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Abu Issa at work in his shop (Photograph by the late Muhammed Ibrahim – KUNA)

Sculpture Hands on a Solid Past – ‘Booms’ to take you back

By Amer Al-Hilal

Reprinted from ‘Arab Times’ (1993)

His hands carefully slide across the dusty wooden object. The white-bearded man then places the object on a wooden rack and carefully chooses his tools. The sound of hammering is audible as the elderly craftsman begins to knock wooden nails into the seafaring vessel. His name is Abdulwahab Issa Al Rashed and he is a miniature boat builder.

Abu Issa, as he likes to be known, is a meticulous craftsman and enjoys constructing a variety of wooden ship and boat models, in a various sizes. Located on the Gulf Road, adjacent to the beach, surrounded by traditional Kuwait mud houses and a small mosque, Abu Issa can be found constantly working on new miniatures in his cramped little edifice, highlighted by its wooden gate – it is like stepping into Kuwait’s pre-oil, pearl-diving past. Abu Issa has been working his trade since 1972 and states that his work first “began as a hobby.” He works on a variety of miniature and not-so-miniature boats (such as the 4 feet long ‘Al Boom,’ a traditional Kuwaiti fishing and pearl-diving ship). Abu Issa believes that newer generations of Kuwaitis should not forget their humble and hard-working past, and encourages them to preserve the heritage and craft of ship-building. Some of the miniature ships that Abu Issa builds at the present time include the ‘Jalboot,’ ‘Sanbook,’ Albatil,’ and ‘Alshuia;’ all traditional boats which were once used as merchant and fishing vessels.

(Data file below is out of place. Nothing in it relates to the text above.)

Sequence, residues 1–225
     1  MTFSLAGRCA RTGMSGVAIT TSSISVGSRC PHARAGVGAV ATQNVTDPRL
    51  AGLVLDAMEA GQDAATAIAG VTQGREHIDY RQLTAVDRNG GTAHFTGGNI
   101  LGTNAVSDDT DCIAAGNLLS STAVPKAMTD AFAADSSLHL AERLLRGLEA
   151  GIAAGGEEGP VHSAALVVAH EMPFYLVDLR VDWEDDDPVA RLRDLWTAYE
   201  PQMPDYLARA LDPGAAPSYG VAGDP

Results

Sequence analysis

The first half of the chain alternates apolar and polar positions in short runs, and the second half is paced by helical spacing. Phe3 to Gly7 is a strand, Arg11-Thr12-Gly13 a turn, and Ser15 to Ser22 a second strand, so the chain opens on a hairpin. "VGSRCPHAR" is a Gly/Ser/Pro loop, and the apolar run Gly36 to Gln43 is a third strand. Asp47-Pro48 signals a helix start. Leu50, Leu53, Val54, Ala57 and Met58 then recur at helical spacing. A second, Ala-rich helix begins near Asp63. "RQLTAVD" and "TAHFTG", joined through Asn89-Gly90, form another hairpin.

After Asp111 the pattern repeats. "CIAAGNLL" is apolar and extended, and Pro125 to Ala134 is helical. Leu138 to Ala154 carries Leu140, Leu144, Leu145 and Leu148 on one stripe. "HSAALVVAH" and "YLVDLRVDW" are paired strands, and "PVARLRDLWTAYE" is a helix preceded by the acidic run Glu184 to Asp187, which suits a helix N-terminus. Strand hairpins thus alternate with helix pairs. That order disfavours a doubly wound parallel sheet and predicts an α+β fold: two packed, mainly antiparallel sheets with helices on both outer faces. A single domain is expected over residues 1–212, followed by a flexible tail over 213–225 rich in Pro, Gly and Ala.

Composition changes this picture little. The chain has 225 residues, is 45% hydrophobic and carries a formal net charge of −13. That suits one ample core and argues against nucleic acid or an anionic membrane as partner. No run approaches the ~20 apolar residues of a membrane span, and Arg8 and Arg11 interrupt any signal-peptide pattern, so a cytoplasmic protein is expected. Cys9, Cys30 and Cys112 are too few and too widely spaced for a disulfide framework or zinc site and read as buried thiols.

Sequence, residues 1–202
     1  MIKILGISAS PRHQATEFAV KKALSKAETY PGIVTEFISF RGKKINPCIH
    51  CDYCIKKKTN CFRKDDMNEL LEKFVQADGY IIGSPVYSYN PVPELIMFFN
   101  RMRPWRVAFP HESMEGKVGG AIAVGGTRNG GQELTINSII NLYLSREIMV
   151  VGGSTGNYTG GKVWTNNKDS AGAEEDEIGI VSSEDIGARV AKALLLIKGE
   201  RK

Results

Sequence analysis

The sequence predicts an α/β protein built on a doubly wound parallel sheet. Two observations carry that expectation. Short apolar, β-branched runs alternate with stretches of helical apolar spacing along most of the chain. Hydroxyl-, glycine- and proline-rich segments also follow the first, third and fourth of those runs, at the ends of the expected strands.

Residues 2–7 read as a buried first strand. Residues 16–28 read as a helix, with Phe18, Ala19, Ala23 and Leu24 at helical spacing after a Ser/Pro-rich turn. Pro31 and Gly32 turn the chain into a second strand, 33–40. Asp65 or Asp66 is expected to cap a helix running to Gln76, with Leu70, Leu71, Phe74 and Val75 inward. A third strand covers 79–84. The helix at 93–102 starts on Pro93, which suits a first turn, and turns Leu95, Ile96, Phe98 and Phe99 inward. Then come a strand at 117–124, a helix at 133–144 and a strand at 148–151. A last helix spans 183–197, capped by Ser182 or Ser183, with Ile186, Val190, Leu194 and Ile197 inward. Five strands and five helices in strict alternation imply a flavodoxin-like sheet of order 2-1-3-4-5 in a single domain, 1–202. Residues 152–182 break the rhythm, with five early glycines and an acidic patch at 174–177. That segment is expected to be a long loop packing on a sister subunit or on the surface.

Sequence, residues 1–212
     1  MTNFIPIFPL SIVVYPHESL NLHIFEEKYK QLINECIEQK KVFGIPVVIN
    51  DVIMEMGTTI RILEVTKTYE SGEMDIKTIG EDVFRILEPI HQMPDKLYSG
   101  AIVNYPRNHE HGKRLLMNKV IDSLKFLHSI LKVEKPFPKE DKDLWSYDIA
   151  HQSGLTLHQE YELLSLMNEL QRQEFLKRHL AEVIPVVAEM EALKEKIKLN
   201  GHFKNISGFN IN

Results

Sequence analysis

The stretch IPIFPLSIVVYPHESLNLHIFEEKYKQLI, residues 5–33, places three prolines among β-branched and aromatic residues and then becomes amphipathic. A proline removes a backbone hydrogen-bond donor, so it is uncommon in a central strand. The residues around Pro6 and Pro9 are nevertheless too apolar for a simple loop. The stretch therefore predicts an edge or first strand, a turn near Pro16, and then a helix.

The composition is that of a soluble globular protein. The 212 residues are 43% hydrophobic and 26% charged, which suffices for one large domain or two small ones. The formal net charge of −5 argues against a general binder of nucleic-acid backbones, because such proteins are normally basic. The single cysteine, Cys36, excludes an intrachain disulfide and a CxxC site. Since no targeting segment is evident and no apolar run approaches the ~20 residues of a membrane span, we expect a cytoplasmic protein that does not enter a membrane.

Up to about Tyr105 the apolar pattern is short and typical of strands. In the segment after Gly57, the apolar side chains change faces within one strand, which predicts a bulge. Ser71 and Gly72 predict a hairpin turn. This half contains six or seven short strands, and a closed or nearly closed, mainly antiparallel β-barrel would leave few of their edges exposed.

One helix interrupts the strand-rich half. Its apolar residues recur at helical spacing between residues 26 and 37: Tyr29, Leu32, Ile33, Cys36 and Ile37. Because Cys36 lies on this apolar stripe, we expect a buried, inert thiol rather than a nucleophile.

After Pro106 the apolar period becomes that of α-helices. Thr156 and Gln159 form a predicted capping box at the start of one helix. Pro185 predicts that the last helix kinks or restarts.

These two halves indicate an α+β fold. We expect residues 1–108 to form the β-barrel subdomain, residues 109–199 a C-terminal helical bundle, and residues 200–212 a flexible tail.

The demand for his work has considerably increased since the liberation, due to the theft and destruction of much of his work by the Iraqis, and due to increased public interest in the ancient Kuwaiti art forms. Indeed, his clients include Gulf citizens, as well as Westerners who have a keen interest in Kuwait’s heritage. Most prefer to order the ‘Al Boom’ models (a Kuwaiti icon if ever there was one). Abu Issa’s easy-going, relaxed, yet disciplined demeanor is tailor made for the kind of model building that he specializes in. His work hours can sometime hit the midnight hour, whether demand for his miniatures exists or not (he takes up to one week to build a full-scale model, but with bouts of energy, he can build one in two days).

Abu Issa is not a materialistic man; most of his pleasure is derived from the craft itself. His prices are reasonable as well (ranging from KD 30 to KD 900 for a massive, meticulously crafted model). His models can beautify offices, living rooms, hallways and make ideal presents for foreigners unfamiliar with Kuwait’s ships of yester-year. Fortunately, Abu Issa’s love and passion for his trade guarantees that the fate of this particular Kuwaiti art form is in solid hands.

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